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2012-05-21 | |
I need coffee. I have been driving since six in the morning, and I’m ready for a break. A break that includes coffee. I want a latte.
I pull off the highway into an idyllic-looking town. There must be a coffee shop here. I don’t want gas station coffee, no corner store java for me. I’m in one of my moods.
I cruise down the main street at half the 30-kilometre speed limit. I am about to give up when I spot something. Something that looks very much like a coffee shop. I sigh, not sure if it is satisfaction or relief.
There is every sign that it is a normal coffee shop. Posters of Red Latte’s and organic, fair-trade coffee beans cover the windows. I feel comfortable, like I have met an old friend, but when I step inside, I enter another world.
There are beads hanging in the doorway. I did not see them from outside. I frown. My frown deepens the instant I lift my eyes and take my first breath inside the coffee shop. A cloud of smoke hovers near the ceiling. The powerful odour of cannabis fills the air. The man at the till has greasy, grey hair half way down his back and a bushy beard that might never have seen a comb. He greets me with blurry, bloodshot eyes.
"Hey lass, what can I get ya?”
I want to turn and run, but my need is stronger than my confusion and anxiety. I clear my throat. “From the sign and the posters outside I assume you have coffee.”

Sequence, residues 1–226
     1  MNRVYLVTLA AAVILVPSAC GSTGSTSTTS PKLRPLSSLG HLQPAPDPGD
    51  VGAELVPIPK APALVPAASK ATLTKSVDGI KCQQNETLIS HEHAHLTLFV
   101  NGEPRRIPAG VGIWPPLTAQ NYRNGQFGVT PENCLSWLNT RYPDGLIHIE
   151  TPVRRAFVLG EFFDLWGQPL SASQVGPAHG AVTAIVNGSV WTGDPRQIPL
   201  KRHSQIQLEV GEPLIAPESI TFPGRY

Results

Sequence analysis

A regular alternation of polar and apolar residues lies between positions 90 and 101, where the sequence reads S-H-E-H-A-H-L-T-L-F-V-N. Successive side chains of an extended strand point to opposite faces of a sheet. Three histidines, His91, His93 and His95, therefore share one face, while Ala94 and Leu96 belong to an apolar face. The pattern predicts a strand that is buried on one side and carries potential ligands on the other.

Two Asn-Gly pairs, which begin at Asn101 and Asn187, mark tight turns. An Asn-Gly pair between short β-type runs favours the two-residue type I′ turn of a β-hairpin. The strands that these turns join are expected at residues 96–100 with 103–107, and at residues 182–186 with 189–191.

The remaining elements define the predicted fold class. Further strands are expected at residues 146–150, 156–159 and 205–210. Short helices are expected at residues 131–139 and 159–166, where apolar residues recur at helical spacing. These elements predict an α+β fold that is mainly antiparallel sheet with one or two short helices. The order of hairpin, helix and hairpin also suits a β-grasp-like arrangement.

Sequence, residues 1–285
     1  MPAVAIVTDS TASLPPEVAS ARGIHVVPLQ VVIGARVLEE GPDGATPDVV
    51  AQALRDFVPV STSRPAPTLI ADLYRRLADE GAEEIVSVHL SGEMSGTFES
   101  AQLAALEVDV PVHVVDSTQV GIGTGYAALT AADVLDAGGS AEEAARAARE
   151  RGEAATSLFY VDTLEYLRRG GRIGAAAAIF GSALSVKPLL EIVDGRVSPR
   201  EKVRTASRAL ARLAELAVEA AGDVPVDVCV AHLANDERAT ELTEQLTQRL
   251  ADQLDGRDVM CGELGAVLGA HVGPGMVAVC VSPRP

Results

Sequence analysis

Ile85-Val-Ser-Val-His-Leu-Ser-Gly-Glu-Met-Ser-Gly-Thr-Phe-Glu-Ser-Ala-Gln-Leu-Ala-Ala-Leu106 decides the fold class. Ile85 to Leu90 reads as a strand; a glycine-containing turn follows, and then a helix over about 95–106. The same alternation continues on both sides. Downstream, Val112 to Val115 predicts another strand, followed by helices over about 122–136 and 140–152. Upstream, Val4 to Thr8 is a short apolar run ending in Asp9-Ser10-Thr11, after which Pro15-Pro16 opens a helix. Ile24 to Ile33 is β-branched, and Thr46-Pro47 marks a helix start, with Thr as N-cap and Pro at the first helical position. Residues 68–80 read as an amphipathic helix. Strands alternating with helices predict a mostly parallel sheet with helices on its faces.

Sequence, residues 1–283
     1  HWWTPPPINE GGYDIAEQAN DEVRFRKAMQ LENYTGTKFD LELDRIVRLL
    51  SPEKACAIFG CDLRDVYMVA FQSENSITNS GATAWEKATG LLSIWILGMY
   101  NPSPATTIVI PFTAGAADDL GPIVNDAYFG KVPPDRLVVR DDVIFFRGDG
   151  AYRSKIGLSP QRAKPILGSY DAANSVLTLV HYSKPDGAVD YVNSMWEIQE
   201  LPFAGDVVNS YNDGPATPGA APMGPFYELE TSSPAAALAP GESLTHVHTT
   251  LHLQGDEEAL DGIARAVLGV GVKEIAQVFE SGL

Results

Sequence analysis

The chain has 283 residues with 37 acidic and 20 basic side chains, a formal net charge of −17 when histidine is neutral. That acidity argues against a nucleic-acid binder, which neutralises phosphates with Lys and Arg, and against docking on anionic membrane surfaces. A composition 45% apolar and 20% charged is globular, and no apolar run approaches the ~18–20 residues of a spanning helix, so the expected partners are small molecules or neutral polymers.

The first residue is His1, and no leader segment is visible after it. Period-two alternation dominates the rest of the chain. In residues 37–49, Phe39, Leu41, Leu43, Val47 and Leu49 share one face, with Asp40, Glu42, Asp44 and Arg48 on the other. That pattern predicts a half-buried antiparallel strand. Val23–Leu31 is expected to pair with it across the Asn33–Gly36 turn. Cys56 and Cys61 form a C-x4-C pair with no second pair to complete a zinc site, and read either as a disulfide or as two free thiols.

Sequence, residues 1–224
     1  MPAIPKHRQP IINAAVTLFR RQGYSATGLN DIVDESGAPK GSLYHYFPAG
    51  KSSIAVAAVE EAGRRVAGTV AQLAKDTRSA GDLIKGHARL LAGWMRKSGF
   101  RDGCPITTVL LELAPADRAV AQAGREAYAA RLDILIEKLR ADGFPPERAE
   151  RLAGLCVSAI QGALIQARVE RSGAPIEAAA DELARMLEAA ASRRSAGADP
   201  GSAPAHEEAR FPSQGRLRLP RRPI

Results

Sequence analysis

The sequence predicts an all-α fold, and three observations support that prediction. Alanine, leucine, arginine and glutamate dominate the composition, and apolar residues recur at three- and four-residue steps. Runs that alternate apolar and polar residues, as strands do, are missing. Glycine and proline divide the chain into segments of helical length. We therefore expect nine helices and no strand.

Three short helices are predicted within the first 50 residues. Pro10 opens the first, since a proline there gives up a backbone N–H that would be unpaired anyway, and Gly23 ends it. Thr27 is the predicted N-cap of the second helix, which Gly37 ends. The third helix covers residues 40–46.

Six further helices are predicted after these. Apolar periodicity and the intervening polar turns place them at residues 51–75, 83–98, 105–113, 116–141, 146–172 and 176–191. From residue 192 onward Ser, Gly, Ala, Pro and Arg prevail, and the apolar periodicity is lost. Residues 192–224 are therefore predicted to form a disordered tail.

“Yep, shore do. Ya wanna cuppa?”
“Yes please, is it possible to get a latte?”
“No problemo, comin’ right up.”
The place shifts. I don’t know what else to call it. I rub my eyes and found myself in a clean, bright, coffee shop with a stainless coffee machine and granite countertops. The same man of seconds ago stands behind the immaculate counter with the same long grey hair and bushy beard, but he is clean and groomed, his hair combed and tied back in a ponytail, the wild beard brushed and trimmed.
“Lovely weather for this time of year is it not,” he comments as he steams the milk for my latte.
“Yes,” I agree taken aback, confused, and more than a little concerned for my sanity. I pivot on the ball of my left foot and turn to take in the coffee shop. It is the seedy, sixties joint I first found myself in, except that as I watch, it changes into the modern shop and before I complete the revolution, the whole place is new.
I gasp and shake my head.
My grey-haired sever gives me a mischievous smile.
He places my latte on the granite top.
“That comes to three eighty-five please miss.”
I have change. Enough. I count it out on the counter and push it over to him.
“Just passing through?” He asks as he pulls the change over to the other side of the counter, holding his left hand against the edge to catch it. A nickel escapes and I hear it fall to the floor and roll away. He looks down then slaps his toe and captures it, glee on his face.
“Gottcha.” He beams, staring at the floor, then leans over to retrieve his nickel.
I want to leave... flee might be a better word, but the door goes away. You do not read that wrong. It is there, and then it isn’t. There is neither sound nor tremors at the disappearance. I stumble to a halt and come close to slopping some of my coffee. The server glares at me.